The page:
The floor, tables and just about every other surface in the studio is currently covered with a fine layer of shredded wool polishing wheels and jeweller’s rouge… I’m also going to have to do a thorough wipe down of all the aluminium filings that didn’t hit the bin beneath…
I’ve been working in a production line over the last two days, making these hanging tree decorations. You may remember my ‘sit and be wind chime’ was made from the sidings of my grandfather’s old caravan – these are too. All are hand cut from the sheet aluminium, cleaned up with wire brush and wet’n’dry sandpaper, hand drilled and hand sawn, hammered, punched, filed and polished. Ok, I did use a Dremel for the polishing.
If you’d like a set, let me know – I will make them to order for £10 each including p&p to UK addresses (international orders extra), so if you’d like them in time for Christmas please order by the end of October.
I was once asked by a therapist if I could just ‘sit and be’. Back then, it was a concept that made no more sense than someone speaking double dutch. Nowadays, I have come to learn that it is at least something I’d like to aspire to, and am beginning to understand how to. To that end, I have spent some of today in the ‘now’ of creativity, converting the side panels of an old caravan belonging to my grandfather into this decorative all-weather wind chime:
The aluminium came from the caravan panels, and was coated with tar on one side and a thick layer of oxidation and algae on the other.
I used tin snips to cut out my discs, and a piercing saw to cut out the middle sections as well as the individual hanging shapes. A rub back with steel wool and turps, then a beating with a ball pein hammer before punching the text in gives the texture. I used Silks Acrylic to fill the text and add a splash of colour.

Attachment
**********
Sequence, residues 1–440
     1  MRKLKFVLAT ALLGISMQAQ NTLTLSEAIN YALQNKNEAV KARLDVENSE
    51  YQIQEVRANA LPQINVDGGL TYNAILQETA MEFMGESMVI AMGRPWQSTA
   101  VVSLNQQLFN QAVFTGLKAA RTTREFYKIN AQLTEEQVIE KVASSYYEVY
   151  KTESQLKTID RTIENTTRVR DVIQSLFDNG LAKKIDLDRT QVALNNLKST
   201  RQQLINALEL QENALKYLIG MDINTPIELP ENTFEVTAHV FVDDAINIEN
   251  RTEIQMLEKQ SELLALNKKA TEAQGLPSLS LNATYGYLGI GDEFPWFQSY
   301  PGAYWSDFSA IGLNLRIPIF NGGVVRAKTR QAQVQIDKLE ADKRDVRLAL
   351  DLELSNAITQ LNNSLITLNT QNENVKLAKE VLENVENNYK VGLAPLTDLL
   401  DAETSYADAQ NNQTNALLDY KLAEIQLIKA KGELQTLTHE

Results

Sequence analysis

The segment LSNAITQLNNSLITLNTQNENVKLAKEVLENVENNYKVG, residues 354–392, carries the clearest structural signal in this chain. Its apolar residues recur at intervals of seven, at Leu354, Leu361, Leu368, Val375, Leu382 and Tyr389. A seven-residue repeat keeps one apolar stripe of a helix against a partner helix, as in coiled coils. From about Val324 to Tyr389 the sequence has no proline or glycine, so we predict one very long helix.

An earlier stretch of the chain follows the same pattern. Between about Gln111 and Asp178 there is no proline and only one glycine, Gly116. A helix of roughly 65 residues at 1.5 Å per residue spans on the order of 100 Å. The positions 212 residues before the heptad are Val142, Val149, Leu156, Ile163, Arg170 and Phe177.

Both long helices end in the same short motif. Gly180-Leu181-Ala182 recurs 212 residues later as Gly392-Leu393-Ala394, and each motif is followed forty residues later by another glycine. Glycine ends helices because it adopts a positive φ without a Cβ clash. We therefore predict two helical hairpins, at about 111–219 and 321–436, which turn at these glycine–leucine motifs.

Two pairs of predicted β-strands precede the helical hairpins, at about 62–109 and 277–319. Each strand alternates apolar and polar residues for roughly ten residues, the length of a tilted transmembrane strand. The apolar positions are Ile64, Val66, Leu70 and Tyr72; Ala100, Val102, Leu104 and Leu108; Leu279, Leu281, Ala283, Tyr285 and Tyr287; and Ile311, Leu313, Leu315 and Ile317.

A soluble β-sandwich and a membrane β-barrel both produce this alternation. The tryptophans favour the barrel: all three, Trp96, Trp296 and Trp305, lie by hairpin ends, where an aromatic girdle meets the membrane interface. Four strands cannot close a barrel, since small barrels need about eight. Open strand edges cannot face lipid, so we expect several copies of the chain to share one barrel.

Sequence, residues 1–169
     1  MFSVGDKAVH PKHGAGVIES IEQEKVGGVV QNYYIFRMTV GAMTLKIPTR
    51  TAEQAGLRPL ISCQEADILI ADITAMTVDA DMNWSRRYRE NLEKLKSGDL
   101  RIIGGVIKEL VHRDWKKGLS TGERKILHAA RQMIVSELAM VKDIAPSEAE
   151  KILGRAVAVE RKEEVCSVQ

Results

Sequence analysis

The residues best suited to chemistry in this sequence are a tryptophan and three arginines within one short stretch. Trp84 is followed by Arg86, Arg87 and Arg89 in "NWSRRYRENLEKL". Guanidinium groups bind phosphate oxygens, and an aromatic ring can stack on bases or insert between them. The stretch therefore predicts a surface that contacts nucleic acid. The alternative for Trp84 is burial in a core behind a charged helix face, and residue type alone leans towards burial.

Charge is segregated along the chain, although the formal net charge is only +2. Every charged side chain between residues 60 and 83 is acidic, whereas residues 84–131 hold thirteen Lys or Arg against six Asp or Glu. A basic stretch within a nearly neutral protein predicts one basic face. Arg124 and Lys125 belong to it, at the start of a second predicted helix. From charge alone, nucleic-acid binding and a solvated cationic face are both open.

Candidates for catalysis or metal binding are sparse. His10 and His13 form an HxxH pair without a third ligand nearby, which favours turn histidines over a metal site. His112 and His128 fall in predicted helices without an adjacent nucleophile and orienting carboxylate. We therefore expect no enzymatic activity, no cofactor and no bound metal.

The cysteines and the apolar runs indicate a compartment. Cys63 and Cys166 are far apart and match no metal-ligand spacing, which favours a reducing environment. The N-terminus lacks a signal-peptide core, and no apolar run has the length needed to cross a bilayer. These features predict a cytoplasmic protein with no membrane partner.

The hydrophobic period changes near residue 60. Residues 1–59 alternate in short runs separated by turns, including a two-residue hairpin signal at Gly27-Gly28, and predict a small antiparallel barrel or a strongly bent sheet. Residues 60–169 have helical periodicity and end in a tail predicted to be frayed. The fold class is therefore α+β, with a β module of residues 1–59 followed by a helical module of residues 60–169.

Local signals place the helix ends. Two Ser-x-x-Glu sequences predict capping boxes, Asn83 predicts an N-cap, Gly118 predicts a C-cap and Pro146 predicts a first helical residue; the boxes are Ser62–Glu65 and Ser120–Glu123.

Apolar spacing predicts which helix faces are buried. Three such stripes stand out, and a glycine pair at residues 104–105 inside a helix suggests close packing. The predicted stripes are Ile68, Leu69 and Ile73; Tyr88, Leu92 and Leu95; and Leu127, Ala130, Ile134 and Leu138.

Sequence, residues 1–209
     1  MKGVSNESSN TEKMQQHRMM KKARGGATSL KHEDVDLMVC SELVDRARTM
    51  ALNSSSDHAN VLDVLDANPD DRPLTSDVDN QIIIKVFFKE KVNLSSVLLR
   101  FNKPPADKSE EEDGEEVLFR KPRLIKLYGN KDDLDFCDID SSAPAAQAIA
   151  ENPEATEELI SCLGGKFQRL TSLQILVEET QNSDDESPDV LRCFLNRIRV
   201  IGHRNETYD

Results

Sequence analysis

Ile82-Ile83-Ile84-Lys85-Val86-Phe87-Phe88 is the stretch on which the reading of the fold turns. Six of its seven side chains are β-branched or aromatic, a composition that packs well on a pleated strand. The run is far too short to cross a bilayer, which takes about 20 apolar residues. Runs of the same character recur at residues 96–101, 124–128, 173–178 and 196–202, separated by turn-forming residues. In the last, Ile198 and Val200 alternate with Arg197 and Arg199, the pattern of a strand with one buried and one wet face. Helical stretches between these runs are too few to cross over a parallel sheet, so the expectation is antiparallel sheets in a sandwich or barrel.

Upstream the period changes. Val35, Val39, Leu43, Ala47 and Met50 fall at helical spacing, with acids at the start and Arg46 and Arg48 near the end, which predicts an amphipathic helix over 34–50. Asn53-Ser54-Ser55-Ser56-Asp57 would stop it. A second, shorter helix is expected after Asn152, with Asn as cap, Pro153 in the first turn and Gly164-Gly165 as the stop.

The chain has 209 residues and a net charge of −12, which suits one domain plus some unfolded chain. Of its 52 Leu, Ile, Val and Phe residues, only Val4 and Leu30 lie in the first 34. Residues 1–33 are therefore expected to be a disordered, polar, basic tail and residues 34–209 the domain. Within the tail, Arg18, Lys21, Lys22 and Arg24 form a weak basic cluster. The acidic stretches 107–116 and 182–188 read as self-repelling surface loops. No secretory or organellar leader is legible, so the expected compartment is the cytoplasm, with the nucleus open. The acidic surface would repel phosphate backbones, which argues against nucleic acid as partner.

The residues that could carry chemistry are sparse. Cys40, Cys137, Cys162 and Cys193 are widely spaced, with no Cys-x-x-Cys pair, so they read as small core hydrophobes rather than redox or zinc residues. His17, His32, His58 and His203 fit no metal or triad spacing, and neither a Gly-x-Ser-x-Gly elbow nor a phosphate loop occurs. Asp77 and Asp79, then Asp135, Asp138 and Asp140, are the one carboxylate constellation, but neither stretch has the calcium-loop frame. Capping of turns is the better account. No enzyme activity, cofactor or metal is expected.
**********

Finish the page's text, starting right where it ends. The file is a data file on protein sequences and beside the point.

The texts are various reminders about taking time out to be still – for me, the reminders are still very much needed!
In a previous post you saw my aluminium and perspex necklace, bracelet and earring set. I also designed a second (bonus) piece using the offcuts from the perspex rings, and finished it today:
I’ve added silver wire tangles to the perspex rings. Each of the flowers were hand sawn from sheet aluminium and hammered into shape before being riveted onto the centre offcuts from the laser cut perspex rings. I’m planning to do two more flowers in the session tomorrow to complete a pair of matching earrings.
And I think I’m getting better at product photography! Rather pleased with the serendipitous lighting on this one – early morning in the conservatory with a bit of level tweaking in Photoshop. No artificial lights were used in the production of this image.
We’ve spent the last five weeks learning about the various ways of soldering (butt and sweat), cold joining with rivets, surface design (heat colouring, mill impressions, hammering) and playing with a laser cutter (I want one!). This week over five hours of lesson time, it was our time to make our own design – this is what I came up with:
Each of the metal discs were cut by hand from aluminium sheet, hammered to give texture, and wire brushed to make matte. I designed the acrylic flowers and circles to scale in Adobe Illustrator and these were cut from 3mm acrylic sheet on the laser cutter. They are attached to the aluminium discs using 2mm chenier tube rivets – several had to be done again as I was a little heavy handed at the beginning and cracked the acrylic. Links are commercial jump rings, as is the chain – time pressures didn’t allow me to make my own. Not that I’d know where to start making chain! I’m really pleased with the result, and aside from the laser cutting, all the techniques are feasible in a home studio.